The Enclosure of the Commons

The great landlords destroyed deliberately and of set purpose and to their own advantage the common rights over common land. The small plutocracy with which they were knit up, and with whose mercantile elements they were now fused, directed everything to its own ends. That strong central government which should protect the community against the rapacity of a few had gone generations before. Capitalism triumphant wielded all the mechanism of legislation and of information too.

—Hillaire Belloc, The Servile State, page 57

During the Middle Ages, peasants in England had access to common land, which was an essential part of village life. In the earliest days of capitalism, the monarchy and wealthy landlords conspired to steal the commons from the peasantry, paving the way for wage slavery and absolute private property.

Enclosure [was] the division or consolidation of communal fields, meadows, pastures, and other arable lands in western Europe into the carefully delineated and individually owned and managed farm plots of modern times. Before enclosure, much farmland existed in the form of numerous, dispersed strips under the control of individual cultivators only during the growing season and until harvesting was completed for a given year. Thereafter, and until the next growing season, the land was at the disposal of the community for grazing by the village livestock and for other purposes. To enclose land was to put a hedge or fence around a portion of this open land and thus prevent the exercise of common grazing and other rights over it. (Encyclopaedia Britannica, “Enclosure”)

The enclosure movement in England proceeded rapidly after King Henry VIII’s dissolution of the monasteries beginning in 1536. (Saint Thomas More critiqued the enclosure in his book Utopia.) After the Reformation, “Puritans emerged as the avant-garde of capitalism, archangels of divinely commanded ‘improvement’—the use of land for the profitable production of commodities” (The Enchantments of Mammon, page 32). This drive for “efficiency” continued throughout the industrial revolution, until the English commons had been almost entirely abolished by the end of the 19th century. Without the commons, homestead farming became difficult to sustain, leading many former peasants to move to the cities (“urbanization”) and find work as wage laborers (“proletarianization”).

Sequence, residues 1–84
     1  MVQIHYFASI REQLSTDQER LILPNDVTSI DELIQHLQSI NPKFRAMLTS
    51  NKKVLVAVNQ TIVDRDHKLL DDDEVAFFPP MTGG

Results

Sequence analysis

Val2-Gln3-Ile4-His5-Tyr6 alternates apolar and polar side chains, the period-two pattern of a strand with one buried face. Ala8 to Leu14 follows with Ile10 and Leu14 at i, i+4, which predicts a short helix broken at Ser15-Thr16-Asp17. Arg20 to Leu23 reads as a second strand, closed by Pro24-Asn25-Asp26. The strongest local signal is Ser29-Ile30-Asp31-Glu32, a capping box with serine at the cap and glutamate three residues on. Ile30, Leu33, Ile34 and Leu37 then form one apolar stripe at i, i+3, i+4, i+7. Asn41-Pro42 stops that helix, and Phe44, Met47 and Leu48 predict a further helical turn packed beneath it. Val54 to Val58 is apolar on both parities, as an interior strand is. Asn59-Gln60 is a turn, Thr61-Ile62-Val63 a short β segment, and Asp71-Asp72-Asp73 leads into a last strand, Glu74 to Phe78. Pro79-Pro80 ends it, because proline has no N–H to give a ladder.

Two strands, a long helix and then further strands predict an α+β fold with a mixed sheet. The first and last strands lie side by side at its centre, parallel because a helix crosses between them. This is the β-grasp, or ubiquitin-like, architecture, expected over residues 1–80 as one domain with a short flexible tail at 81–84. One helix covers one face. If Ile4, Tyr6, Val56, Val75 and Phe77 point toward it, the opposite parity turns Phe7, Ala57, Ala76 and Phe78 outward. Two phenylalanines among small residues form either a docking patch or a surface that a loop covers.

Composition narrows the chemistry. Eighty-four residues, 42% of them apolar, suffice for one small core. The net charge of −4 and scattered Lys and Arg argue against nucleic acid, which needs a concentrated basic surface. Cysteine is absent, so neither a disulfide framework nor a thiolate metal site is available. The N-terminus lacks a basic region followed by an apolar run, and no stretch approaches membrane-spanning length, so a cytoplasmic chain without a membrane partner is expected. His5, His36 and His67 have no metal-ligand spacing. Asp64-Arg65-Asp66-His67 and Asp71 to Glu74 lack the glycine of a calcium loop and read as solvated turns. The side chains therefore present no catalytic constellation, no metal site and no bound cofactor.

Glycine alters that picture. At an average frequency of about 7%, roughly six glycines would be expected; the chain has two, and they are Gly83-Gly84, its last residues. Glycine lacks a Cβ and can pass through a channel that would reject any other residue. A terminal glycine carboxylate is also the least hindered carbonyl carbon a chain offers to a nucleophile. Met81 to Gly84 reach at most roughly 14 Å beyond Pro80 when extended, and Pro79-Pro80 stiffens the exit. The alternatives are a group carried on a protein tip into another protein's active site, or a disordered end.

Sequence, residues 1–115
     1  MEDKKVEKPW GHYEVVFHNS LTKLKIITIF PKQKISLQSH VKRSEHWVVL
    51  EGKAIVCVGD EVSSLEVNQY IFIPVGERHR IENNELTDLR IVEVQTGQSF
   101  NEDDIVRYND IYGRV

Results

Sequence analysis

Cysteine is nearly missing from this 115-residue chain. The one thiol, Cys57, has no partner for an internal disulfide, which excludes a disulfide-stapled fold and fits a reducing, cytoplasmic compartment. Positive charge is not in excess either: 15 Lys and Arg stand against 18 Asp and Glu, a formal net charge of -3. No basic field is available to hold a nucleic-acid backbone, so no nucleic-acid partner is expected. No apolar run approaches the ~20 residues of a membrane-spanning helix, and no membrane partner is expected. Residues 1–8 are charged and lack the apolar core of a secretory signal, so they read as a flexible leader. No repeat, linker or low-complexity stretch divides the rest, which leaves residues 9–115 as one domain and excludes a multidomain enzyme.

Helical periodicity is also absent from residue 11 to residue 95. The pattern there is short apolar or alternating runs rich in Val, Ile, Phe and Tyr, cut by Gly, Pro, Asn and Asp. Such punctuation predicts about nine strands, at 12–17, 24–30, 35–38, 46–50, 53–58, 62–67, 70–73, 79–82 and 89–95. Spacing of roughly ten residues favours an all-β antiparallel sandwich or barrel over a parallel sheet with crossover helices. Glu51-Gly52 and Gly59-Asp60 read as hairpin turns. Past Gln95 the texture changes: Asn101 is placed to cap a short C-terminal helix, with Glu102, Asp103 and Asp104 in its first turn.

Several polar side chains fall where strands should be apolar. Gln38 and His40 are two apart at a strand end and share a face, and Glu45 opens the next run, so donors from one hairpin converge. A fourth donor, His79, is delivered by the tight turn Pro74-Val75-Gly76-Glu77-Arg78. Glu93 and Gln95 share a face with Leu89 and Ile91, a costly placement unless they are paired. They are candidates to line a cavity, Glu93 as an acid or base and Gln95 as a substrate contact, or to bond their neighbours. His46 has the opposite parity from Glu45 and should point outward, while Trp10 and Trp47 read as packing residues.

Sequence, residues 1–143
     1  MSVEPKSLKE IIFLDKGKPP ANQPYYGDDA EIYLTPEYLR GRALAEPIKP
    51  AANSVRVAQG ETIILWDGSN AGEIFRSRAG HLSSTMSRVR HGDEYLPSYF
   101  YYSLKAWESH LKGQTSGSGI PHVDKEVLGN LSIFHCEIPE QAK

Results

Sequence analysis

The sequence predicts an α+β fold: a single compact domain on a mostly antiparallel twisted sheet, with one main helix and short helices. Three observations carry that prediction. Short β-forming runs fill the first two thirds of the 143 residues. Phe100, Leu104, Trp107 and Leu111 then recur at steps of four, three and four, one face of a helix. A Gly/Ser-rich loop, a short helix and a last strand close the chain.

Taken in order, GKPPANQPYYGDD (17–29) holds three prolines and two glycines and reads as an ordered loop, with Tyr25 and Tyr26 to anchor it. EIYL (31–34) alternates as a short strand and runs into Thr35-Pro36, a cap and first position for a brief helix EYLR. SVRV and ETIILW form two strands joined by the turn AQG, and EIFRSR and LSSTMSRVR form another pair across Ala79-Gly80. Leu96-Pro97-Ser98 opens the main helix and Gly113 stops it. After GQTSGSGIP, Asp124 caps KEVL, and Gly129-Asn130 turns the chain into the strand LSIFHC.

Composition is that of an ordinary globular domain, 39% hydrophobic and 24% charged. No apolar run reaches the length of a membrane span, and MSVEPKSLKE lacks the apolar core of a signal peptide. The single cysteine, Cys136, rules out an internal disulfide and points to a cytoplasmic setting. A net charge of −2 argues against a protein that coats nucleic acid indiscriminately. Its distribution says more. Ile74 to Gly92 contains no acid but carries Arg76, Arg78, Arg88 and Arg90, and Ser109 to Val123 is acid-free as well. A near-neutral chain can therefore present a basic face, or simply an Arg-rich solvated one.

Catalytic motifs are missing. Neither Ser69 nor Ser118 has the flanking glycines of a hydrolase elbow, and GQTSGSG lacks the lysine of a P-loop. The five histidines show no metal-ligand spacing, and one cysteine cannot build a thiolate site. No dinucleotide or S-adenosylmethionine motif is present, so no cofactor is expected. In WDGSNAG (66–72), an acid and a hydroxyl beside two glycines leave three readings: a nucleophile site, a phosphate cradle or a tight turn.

The enclosure of common land occurred at a different pace throughout most of Europe and was pursued on a vast scale during the conquest and colonization of the New World, Africa, and India. Alongside usury and unjust wages, enclosure or ‘accumulation by dispossession’ is another essential part of capitalist growth. It is a form of theft from families and local communities, supported by the bourgeois state. In response, there has been a long history of radical peasant movements such as the Diggers (in England), the Zapatistas (in Mexico), the Green armies (in Russia), and the Landless Workers’ Movement (in Brazil).

Early on, enclosure was primarily for the purpose of capitalist farming and gold-mining. However, since the industrial revolution, enclosure also takes place for the purpose of extracting coal, oil, and rare-earth metals. Through the unchecked growth of these intensive forms of production, capitalists have dispossessed mankind by polluting our environments. Now, the climate of the entire earth—the last commons we have left—is being enclosed and auctioned off to the highest bidder, as the air, the oceans, and the biodiversity of Creation is contaminated and destroyed. 

The earth, our home, is beginning to look more and more like an immense pile of filth. In many parts of the planet, the elderly lament that once beautiful landscapes are now covered with rubbish. Industrial waste and chemical products utilized in cities and agricultural areas can lead to bioaccumulation in the organisms of the local population, even when levels of toxins in those places are low.

Laudato Si’ § 21

Featured Image: Naboth refuses to sell his vineyard (1 Kings 21:1-16